North Korea recently showcased two new aircraft military observers claim were copies of US-made MQ-9 Reaper and RQ-4 Global Hawk drones.
The unmanned aerial vehicles (UAVs) were included in a parade of weapons Pyongyang conducted last week amid escalating tensions with South Korea and the US.
The first drones, carried by a convoy of trucks, looked nearly identical to General Atomics’ Reaper drones — a powerful combat platform that carries up to eight AGM-114 Hellfire missiles.
VIDEO: North Korea's new drones are rolled out in state television footage of the military parade Thursday, while Kim Jong Un is shown talking to Russian defense minister Sergei Shoigu pic.twitter.com/z8f3jnDchu
— NK NEWS (@nknewsorg) July 28, 2023
Although the similarities in performance and reconnaissance capabilities were still unclear, their visual resemblance reportedly reflects North Korea’s efforts to emulate the growing US drone program.
In a separate defense exhibition ahead of the parade, Pyongyang also flaunted a Global Hawk lookalike bearing a North Korean flag on its engine.
According to the state-run KCNA news outlet, the new systems are a “strategic reconnaissance drone” and a “multi-purpose attack drone” developed and produced to support the North Korean Air Force.
More Armed Than Original
Seoul-based military analyst Yang Uk told NK News that the North Korean MQ-9 copies appear more armed than the original platform.
They reportedly have six weapon stations (three per wing) instead of only four in the American version.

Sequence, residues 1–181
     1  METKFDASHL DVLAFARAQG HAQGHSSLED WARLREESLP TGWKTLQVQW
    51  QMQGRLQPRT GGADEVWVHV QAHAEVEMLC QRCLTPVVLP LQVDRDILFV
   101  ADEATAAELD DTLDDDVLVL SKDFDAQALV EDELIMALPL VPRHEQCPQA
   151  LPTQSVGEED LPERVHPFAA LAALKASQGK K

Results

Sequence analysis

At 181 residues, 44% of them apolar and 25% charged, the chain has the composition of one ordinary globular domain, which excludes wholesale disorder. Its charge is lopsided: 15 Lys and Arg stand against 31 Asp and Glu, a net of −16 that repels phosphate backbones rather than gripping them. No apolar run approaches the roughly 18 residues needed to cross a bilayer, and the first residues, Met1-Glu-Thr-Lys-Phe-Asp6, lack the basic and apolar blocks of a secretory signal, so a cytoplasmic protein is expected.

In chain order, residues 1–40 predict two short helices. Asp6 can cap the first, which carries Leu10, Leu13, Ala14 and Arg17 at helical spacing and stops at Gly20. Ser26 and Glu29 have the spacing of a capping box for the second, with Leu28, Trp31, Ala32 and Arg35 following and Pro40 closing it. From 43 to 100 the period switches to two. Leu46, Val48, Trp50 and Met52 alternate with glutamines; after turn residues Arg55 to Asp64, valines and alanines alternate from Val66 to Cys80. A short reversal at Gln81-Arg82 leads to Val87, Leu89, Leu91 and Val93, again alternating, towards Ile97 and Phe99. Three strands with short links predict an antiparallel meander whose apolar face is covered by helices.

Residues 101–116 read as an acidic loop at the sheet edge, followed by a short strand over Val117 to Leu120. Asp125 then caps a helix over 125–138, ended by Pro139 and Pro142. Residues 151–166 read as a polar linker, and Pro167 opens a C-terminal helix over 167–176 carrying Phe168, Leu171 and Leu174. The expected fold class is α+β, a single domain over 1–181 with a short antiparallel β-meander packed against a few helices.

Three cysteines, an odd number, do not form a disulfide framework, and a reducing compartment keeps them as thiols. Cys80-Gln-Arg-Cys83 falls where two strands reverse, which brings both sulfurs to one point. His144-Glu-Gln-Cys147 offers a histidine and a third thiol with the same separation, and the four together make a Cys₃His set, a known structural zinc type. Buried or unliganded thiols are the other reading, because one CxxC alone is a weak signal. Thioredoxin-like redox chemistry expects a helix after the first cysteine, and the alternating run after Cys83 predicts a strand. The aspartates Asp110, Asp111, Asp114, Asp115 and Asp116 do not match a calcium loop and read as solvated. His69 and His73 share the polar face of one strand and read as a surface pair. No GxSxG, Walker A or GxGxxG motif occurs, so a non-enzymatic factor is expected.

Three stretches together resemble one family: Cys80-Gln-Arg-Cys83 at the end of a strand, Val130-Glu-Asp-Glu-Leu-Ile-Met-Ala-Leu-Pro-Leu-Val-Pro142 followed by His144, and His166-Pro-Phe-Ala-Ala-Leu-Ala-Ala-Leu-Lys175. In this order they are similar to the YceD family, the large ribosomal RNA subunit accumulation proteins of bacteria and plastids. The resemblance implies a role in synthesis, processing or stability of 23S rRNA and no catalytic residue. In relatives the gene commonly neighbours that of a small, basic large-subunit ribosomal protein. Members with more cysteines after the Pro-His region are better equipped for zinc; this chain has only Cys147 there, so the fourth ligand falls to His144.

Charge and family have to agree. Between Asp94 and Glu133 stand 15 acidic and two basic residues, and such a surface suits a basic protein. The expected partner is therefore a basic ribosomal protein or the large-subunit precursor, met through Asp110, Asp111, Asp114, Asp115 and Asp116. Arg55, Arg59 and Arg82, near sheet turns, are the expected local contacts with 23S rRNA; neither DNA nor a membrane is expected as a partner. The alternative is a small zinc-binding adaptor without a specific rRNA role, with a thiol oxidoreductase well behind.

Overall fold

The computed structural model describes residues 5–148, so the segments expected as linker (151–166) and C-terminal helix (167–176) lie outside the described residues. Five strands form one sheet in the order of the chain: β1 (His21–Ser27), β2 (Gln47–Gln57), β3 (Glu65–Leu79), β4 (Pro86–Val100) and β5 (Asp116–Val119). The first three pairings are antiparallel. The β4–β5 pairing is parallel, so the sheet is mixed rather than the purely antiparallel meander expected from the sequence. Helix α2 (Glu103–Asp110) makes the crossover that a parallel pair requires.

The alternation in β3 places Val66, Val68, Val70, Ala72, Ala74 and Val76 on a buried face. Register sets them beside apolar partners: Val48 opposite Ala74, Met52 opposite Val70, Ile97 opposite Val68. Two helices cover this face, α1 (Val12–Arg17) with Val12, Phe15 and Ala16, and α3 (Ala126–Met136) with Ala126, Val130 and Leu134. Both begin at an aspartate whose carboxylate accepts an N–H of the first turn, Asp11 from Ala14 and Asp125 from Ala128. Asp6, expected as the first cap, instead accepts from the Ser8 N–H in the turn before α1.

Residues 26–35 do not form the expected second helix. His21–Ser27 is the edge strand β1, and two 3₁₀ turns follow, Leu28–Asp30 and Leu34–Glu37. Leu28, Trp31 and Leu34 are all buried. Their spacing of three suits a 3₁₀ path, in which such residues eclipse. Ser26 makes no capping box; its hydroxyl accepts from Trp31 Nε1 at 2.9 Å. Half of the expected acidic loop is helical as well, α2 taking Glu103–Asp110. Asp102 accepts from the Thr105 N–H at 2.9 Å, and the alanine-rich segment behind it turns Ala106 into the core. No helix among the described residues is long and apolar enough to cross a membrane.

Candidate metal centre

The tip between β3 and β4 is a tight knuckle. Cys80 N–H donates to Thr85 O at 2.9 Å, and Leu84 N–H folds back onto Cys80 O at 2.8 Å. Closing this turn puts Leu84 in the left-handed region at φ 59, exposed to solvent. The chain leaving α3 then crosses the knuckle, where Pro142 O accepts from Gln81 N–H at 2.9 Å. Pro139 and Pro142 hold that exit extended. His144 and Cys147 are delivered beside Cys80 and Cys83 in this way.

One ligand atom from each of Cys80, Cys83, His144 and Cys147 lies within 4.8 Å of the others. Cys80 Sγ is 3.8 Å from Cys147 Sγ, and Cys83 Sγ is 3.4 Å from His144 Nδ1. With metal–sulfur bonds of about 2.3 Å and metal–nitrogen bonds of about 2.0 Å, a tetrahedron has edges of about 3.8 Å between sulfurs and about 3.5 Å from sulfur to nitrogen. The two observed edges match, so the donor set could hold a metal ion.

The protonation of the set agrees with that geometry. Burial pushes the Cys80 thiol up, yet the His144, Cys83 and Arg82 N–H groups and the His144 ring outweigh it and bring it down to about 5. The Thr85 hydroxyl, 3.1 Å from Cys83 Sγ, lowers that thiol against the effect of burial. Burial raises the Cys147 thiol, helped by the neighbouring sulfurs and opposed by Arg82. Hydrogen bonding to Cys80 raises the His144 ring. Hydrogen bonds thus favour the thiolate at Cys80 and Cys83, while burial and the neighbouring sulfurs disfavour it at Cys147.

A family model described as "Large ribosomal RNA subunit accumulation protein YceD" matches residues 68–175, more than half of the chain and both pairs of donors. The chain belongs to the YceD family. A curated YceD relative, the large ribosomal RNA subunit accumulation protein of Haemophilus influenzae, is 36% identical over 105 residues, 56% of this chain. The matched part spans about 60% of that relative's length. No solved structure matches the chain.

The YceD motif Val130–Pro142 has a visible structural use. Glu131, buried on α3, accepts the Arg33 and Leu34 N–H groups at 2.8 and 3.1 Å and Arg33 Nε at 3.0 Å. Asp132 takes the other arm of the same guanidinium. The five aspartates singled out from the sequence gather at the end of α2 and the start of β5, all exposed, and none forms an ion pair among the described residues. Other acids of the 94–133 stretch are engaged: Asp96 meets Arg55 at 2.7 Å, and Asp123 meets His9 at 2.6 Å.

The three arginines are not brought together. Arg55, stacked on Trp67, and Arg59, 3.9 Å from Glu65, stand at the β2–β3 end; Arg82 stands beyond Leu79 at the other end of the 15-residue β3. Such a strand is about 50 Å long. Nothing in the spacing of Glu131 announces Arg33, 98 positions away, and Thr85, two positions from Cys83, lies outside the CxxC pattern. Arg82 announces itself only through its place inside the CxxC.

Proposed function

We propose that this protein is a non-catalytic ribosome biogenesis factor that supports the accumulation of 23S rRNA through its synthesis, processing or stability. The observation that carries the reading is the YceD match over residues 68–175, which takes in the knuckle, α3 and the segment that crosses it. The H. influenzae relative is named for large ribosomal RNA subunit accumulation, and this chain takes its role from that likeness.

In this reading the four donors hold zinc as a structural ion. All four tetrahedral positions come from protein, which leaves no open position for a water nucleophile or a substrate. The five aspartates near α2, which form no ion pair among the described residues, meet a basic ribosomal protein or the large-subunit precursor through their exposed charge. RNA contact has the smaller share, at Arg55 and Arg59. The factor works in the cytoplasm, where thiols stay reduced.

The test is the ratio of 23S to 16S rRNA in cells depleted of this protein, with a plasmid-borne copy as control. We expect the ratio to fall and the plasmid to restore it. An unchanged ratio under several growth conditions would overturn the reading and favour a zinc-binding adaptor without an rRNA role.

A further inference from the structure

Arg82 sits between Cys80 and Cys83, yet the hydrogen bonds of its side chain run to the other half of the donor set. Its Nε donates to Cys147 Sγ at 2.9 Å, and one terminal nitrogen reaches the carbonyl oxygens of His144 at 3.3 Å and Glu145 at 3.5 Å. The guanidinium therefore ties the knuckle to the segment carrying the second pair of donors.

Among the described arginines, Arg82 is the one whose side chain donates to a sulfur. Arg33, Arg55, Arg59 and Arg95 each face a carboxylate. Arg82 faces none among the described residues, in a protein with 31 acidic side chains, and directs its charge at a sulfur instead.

Although the system design appears copied, Yang expressed doubts that Pyongyang could access US-made sensors and avionics to integrate into the drones.
NEW: North Korea airs the first video footage of its two new military drones in action, showing a combat UAV firing missiles during flight. Read more about the unveiling here: https://t.co/AoOvLYVg2l pic.twitter.com/07uYQGJv3g
— NK NEWS (@nknewsorg) July 27, 2023
Another analyst, Xu Tianran from Open Nuclear Network, noticed the bulging domes at the heads of the new North Korean drones.
The country does not own a communications satellite, so the purpose of the domes is unclear.
Xu said North Korea could rent satellite bandwidth from powerful allies to use what appears to be satellite dishes on the new drones.
“Being able to place those UAVs in a loitering position, or track near the southern part of North Korea … then it would give them the opportunity to collect a lot of intelligence data from the South,” Troy University lecturer Daniel Pinkston said.